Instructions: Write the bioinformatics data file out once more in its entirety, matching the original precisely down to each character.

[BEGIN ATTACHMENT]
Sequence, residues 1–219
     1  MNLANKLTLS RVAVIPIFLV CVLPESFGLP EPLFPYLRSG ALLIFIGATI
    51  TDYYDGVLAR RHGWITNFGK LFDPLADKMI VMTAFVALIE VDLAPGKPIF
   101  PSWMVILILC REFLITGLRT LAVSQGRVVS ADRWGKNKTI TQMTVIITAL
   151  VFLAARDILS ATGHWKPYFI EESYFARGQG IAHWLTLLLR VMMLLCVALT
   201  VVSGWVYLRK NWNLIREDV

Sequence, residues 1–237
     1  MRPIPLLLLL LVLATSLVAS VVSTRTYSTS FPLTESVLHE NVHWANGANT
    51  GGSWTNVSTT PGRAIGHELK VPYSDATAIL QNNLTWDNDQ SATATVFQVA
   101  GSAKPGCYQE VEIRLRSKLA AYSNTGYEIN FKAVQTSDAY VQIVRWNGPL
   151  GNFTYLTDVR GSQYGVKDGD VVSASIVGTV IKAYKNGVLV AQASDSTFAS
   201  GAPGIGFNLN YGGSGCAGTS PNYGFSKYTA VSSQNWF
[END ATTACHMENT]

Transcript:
Sequence, residues 1–219
     1  MNLANKLTLS RVAVIPIFLV CVLPESFGLP EPLFPYLRSG ALLIFIGATI
    51  TDYYDGVLAR RHGWITNFGK LFDPLADKMI VMTAFVALIE VDLAPGKPIF
   101  PSWMVILILC REFLITGLRT LAVSQGRVVS ADRWGKNKTI TQMTVIITAL
   151  VFLAARDILS ATGHWKPYFI EESYFARGQG IAHWLTLLLR VMMLLCVALT
   201  VVSGWVYLRK NWNLIREDV

Sequence, residues 1–237
     1  MRPIPLLLLL LVLATSLVAS VVSTRTYSTS FPLTESVLHE NVHWANGANT
    51  GGSWTNVSTT PGRAIGHELK VPYSDATAIL QNNLTWDNDQ SATATVFQVA
   101  GSAKPGCYQE VEIRLRSKLA AYSNTGYEIN FKAVQTSDAY VQIVRWNGPL
   151  GNFTYLTDVR GSQYGVKDGD VVSASIVGTV IKAYKNGVLV AQASDSTFAS
   201  GAPGIGFNLN YGGSGCAGTS PNYGFSKYTA VSSQNWF